Recently I was looking up info on calligraphy… it’s something I kinda wanted to take a class on when I was at school, but either the class ended up filling up or there was something else scheduled at the same time I wanted more (can’t remember since it was several years ago at this point).
Anyway I ended up coming upon the Zanerian Manual of Alphabets and Engrossing, which is very interesting to leaf through if you have the time (That link goes to an archive.org copy of the 1924 edition).
Along with your standard different forms of blackletter (German, Italian, English, French, etc) there are sections that just include samples of original design, as inspiration for coming up with your own lettering styles. One such design was this portion of William Cullen Bryant’s poem, A Winter Piece:
I was quite taken with this somewhat old-fashioned sample, with its branch-like ornamentation and charming little squirrel illustrated beneath. I wanted to try to take the airy, tall and curly characters and translate them into a pixel font. It’s not quite the same proportion as the original text, and the size constraints meant most letters are somewhat different (not to mention the fact that the text above doesn’t contain every character) but I’m quite satisfied with the result. To compare against the sample above, consider the same text typeset in the completed font:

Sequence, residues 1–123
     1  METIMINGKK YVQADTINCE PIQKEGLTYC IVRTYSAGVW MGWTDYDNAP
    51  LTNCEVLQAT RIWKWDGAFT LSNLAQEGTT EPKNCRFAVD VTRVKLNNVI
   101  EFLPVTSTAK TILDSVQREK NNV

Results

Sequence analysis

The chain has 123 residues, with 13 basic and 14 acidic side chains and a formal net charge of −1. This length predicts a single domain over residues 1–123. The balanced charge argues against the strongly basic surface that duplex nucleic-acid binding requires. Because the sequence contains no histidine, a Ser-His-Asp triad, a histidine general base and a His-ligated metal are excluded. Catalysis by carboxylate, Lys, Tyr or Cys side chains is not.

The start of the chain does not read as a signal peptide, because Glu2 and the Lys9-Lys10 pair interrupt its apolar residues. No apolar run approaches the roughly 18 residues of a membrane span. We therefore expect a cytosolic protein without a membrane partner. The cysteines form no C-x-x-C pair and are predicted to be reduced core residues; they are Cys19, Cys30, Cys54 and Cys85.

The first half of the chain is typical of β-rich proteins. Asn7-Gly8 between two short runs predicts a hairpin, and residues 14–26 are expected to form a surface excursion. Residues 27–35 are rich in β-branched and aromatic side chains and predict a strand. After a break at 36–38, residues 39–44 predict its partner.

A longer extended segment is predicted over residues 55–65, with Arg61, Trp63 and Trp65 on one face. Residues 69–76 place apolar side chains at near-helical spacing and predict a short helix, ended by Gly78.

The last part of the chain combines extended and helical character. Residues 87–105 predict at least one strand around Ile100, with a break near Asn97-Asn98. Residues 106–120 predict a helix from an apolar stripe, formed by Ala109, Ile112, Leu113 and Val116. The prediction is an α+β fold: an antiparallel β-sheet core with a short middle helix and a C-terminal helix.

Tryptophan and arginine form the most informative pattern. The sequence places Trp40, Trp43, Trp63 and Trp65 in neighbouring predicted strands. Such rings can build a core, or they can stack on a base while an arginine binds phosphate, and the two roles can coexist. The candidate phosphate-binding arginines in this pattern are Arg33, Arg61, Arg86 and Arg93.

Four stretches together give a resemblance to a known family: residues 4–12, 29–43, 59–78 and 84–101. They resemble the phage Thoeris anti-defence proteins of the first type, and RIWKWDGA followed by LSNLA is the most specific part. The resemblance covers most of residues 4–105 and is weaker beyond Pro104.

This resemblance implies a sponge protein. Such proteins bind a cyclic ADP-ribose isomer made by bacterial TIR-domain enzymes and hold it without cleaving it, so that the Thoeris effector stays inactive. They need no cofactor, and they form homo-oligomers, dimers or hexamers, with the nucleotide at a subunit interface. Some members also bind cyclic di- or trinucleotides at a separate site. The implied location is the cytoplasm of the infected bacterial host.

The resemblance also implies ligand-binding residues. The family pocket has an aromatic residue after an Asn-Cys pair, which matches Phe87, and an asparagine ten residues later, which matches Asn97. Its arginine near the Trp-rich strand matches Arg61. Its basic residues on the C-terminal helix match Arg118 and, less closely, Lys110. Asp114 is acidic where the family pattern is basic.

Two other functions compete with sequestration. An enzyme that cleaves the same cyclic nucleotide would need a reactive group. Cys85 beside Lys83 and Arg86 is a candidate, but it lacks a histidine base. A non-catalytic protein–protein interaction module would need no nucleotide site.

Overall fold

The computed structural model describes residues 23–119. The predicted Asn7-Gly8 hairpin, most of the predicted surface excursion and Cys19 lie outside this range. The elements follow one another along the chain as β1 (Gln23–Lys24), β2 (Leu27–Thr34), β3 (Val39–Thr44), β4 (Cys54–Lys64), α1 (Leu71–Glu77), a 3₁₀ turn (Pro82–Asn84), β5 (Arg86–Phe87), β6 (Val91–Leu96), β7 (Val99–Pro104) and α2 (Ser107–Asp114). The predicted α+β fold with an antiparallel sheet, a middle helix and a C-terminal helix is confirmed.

(Did you notice that the word “Beneath” was spelled wrong in the original sample? I corrected it when I made my version.)
Final note: the name “Cartridge” comes from nowhere at all. I just thought that that word looked particularly nice in this font so I used it for the name.